Canadians now have the option to build their credit scores via rent payments

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Landlord Credit Bureau CEO says move could significantly benefit some who have struggled to build credit scores

TORONTO, ON / Financial Post / September 29, 2020 

Eight years after Canadians first became able to use their mortgage payments to build their credit scores, a similar option now exists for those who rent.

The Toronto-based Landlord Credit Bureau, which is used by 30,000 landlords and property managers across Canada and the U.S., is partnering with Equifax Inc. to create an online portal that tracks a tenant’s rent payments so that the resulting data can be incorporated into credit files. Either tenants or landlords, who are tasked with updating their tenants’ profiles on a monthly basis with on-time or missed payments, can sign up to use the service.

The Landlord Credit Bureau will be tasked with running the portal, collecting the data and sending it to Equifax. Rent would then be treated in a similar fashion to credit cards on credit files — a new trade line would be created and on-time or missed payments would begin to weigh on credit scores.

Zachary Killam, the CEO of the Landlord Credit Bureau, said the contribution of rent payments to credit files and scores could significantly benefit two groups of Canadians who have traditionally struggled to establish their credit-worthiness.

“I remember when I first went to university and all I could get was a $300 credit card, which didn’t go far,” Killam said. “New-to-credit and new-to-country (consumers) have thin credit files and they struggle to build their credit ratings so we see this as an opportunity to flesh out their credit files with a large monthly payment.”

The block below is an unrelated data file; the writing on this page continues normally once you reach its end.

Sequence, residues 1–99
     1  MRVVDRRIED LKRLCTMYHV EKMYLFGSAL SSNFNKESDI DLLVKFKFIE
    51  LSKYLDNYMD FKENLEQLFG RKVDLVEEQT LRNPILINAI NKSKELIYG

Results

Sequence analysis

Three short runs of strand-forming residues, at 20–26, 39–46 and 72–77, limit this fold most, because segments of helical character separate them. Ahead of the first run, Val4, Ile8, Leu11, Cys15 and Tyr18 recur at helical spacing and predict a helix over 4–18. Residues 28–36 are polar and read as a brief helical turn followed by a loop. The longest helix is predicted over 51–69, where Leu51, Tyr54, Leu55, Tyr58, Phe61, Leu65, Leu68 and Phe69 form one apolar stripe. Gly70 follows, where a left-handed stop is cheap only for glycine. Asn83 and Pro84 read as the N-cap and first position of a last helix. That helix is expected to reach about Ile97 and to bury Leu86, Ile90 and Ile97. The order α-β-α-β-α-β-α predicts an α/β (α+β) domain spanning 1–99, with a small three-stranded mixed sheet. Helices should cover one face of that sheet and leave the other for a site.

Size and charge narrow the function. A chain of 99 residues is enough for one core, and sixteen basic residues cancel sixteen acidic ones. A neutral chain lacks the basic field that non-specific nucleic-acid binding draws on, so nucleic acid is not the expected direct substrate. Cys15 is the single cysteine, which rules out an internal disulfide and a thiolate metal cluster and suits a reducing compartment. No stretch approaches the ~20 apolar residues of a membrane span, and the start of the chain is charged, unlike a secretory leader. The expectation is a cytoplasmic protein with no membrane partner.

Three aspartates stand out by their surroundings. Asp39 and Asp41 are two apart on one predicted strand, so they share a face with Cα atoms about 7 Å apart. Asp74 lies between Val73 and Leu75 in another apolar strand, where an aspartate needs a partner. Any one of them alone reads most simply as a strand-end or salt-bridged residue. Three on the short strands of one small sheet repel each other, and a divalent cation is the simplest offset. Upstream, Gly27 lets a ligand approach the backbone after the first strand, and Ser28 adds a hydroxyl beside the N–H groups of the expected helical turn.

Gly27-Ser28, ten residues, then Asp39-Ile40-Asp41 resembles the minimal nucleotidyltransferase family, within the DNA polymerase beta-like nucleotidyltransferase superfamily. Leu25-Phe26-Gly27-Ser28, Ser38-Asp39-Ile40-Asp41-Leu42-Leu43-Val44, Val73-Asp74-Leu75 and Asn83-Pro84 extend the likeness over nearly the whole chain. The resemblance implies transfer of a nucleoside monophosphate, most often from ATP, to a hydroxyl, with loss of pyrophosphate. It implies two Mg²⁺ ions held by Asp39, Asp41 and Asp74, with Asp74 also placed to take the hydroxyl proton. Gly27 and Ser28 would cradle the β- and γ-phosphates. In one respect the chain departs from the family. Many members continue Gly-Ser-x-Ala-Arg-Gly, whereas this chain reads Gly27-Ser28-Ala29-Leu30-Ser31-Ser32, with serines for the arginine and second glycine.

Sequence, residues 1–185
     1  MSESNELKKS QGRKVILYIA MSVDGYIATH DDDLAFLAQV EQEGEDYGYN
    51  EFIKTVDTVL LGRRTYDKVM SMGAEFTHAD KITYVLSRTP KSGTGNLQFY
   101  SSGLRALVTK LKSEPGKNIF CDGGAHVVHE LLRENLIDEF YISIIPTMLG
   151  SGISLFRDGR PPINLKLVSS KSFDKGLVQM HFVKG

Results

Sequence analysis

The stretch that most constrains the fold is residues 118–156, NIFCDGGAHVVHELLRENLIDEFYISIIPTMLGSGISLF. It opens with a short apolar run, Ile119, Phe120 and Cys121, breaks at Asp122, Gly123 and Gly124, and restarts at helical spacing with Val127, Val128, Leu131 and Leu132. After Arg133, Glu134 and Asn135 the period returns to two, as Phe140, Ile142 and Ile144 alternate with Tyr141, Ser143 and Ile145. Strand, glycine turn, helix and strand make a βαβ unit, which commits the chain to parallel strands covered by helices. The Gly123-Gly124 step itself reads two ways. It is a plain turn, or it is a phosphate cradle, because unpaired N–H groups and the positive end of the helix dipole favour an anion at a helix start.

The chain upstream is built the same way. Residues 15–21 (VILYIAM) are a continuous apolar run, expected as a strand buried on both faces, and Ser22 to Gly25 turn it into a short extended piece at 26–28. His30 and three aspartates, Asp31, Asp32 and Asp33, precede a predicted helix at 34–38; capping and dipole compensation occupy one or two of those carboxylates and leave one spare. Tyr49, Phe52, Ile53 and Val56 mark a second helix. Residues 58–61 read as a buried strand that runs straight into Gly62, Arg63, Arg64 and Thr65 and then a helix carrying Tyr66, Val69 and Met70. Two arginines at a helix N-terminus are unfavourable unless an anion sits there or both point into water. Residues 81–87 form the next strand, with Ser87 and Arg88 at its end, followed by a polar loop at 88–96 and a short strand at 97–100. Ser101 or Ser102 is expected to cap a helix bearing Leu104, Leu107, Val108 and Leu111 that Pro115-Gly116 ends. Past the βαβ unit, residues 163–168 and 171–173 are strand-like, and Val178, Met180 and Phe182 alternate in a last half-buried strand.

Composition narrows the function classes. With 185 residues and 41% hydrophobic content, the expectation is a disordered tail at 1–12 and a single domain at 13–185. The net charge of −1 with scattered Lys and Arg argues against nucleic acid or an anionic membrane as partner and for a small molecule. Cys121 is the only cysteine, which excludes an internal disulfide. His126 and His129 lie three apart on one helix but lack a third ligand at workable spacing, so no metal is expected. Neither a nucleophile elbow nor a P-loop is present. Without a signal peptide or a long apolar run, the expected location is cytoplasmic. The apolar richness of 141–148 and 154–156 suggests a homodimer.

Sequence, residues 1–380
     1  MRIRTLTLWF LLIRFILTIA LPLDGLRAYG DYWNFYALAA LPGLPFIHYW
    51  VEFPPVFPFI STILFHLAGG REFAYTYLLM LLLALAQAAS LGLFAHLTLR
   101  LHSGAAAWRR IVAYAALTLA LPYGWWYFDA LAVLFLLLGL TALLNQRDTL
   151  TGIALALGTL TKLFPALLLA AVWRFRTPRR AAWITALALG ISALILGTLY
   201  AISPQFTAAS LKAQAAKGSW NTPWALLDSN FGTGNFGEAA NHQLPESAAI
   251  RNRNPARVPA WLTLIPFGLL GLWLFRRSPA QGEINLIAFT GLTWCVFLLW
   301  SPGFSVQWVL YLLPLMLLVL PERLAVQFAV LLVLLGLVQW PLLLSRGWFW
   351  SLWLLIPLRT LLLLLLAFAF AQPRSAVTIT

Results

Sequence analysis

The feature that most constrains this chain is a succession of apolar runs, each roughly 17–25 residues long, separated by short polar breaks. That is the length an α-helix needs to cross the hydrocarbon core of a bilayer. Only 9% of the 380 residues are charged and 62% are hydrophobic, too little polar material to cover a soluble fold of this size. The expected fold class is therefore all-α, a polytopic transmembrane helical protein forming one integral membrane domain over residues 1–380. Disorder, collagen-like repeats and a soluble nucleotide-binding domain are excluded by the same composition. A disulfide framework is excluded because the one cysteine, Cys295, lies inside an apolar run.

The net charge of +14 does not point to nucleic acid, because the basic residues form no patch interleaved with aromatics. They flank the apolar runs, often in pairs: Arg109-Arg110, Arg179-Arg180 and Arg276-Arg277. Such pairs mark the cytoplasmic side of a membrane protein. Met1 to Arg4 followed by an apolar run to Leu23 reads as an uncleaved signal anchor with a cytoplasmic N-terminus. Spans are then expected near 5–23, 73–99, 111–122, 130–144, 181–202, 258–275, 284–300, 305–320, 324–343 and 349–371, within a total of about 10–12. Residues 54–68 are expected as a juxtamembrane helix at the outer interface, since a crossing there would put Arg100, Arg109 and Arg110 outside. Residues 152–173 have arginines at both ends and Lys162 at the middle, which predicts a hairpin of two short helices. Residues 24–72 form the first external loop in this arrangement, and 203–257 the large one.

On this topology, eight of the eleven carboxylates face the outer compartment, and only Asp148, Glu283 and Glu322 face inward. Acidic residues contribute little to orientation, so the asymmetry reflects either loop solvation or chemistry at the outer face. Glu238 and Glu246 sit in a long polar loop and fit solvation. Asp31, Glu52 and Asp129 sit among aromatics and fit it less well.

The Landlord Credit Bureau’s portal also aims to help landlords. When they’re considering a prospective tenant, they would be able to pull that tenant’s payment data, with permission, and determine whether there’s been a history of delinquency.

While landlords can currently pull credit files with the consent of a rental applicant, many still rely on references that can be more glowing that realistic, Killam said.

About 33 per cent of Canadians pay rent and that bill likely represents their largest expense, Killam said, so it only makes sense that those payments should be contributing to a credit file. The logic may sound simple, Killam said, but the reason why credit agencies haven’t introduced this earlier is a bit more complicated.

Equifax Inc. director of consumer advocacy Julie Kuzmic said there are systematic limitations that made incorporating rent payments difficult. Lenders and service providers that report to credit bureaus require a certain amount of data volume to do so and they weren’t getting it. Meanwhile, landlords likely wouldn’t be able to “manage the overhead required to send the data to credit bureaus on a monthly basis.”

A third party was always going to be needed, Killam said. The U.S. credit bureaus that include rent in credit files also work with a body like the Landlord Credit Bureau, he said. Without one, the larger credit bureaus would be responsible for everything from verifying landlords to settling disputes.

“The bureaus simply didn’t want to deal with all the headaches and difficulties associated with the management of landlords and tenants,” Killam said.

having rent payments on file doesn’t replace the need of having credit card payments contributing to a score. PHOTO BY GETTY IMAGES/ISTOCKPHOTO

Going forward, the new initiative could particularly help younger Canadians qualify for mortgages, Kuzmic said, but there are limitations.

For one, having rent payments on file doesn’t replace the need of having credit card payments contributing to a score. Canadians who are wary of credit cards and only use them sparingly for the necessity of building a file or score can’t rely on rent payments exclusively.

And it may not influence all credit scores, she warns. Each Canadian has multiple credit scores that are accessible by different lenders. According to Killam, the banks access one that consumers can’t, for example, while Equifax, Fico and others may calculate their scores differently. There are still some, Kuzmic said, that don’t incorporate mortgage payments. She expects the same will occur with rent payments — they’ll be assimilated into some scores but not into others. But even if it doesn’t affect a particular score, having another trade line on file should automatically be more beneficial.

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